MathOverflow is a question and answer site for professional mathematicians. Join them; it only takes a minute:

Sign up
Here's how it works:
  1. Anybody can ask a question
  2. Anybody can answer
  3. The best answers are voted up and rise to the top

How is entropy of a general probability measure defined?

share|cite|improve this question

closed as off topic by Gjergji Zaimi, Steve Huntsman, Andrey Rekalo, Qiaochu Yuan, Yemon Choi Jul 23 '10 at 20:31

Questions on MathOverflow are expected to relate to research level mathematics within the scope defined by the community. Consider editing the question or leaving comments for improvement if you believe the question can be reworded to fit within the scope. Read more about reopening questions here.If this question can be reworded to fit the rules in the help center, please edit the question.

I can suggest – falagar Jul 23 '10 at 13:10
Did you try Google and/or Wikipedia? – Qiaochu Yuan Jul 23 '10 at 15:14
I am casting the final vote to close, because even though the original question has generated some interesting details, it wasn't asked with enough background context., nor with indication of what the questioner already knows or has read. – Yemon Choi Jul 23 '10 at 20:31
up vote 6 down vote accepted

The Entropy of a function $f$ with respect to a measure $\mu$ is

$$ Ent_{\mu}(f)=\int f \log f d\mu - \int f d\mu \log(\int f d\mu ) $$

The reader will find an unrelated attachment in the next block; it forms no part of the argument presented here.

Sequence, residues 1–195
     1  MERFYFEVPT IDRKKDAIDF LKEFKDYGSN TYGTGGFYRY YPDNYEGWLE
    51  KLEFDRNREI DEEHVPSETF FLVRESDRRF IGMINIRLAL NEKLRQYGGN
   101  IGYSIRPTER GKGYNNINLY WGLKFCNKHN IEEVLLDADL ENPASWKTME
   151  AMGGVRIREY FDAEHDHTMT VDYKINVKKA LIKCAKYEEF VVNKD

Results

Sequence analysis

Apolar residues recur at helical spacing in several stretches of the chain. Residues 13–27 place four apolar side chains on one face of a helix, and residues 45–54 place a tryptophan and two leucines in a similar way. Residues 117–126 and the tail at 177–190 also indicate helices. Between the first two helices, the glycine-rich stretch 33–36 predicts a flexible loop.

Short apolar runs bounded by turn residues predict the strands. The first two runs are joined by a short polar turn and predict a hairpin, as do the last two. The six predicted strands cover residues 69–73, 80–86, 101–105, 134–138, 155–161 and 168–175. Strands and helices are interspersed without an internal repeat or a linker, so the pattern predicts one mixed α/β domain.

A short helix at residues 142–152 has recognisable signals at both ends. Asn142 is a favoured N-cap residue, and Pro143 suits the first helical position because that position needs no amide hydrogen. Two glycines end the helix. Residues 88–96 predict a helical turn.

The entropy of a probability distribution $P$ with respect to $\mu$ is given by $ Ent(\frac{dP }{d\mu })$. I a not aware of a general definition that would not implie a reference (here it is $\mu$) measure ...

share|cite|improve this answer

It is not. If a probability measure on $\mathbb{R}$ is absolutely continuous and has density $f$, then "entropy" usually refers to the differential entropy, defined in the Wikipedia page falagar linked to. If the probability measure has discrete support, entropy is defined by an analogous formula, given in this Wikipedia page. In the most classical treatments, these are the only situations covered at all.

However, both of these are special cases of the more general notion of relative entropy that Helge and robin girard pointed out: in the continuous case the reference measure ($\nu$ in Helge's notation, $\mu$ in robin's notation) is Lebesgue measure, and in the discrete case the reference measure is counting measure on the support.

share|cite|improve this answer

Entropy is not defined for a single probability measure!

Entropy is a relative thing, you define between two measure $\mu$ and $\nu$. Then the entropy is defined by $$ \mathcal{E}(\mu,\nu) = \begin{cases} - \int w(x) \log(w(x)) d\nu(x),& d \mu = w d\nu; \\\ -\infty, & otherwise.\end{cases}, $$ I might have messed up the signs. $w$ is the Radon-Nikodym derivate of $\mu$ with respect to $\nu$.

share|cite|improve this answer

Not the answer you're looking for? Browse other questions tagged or ask your own question.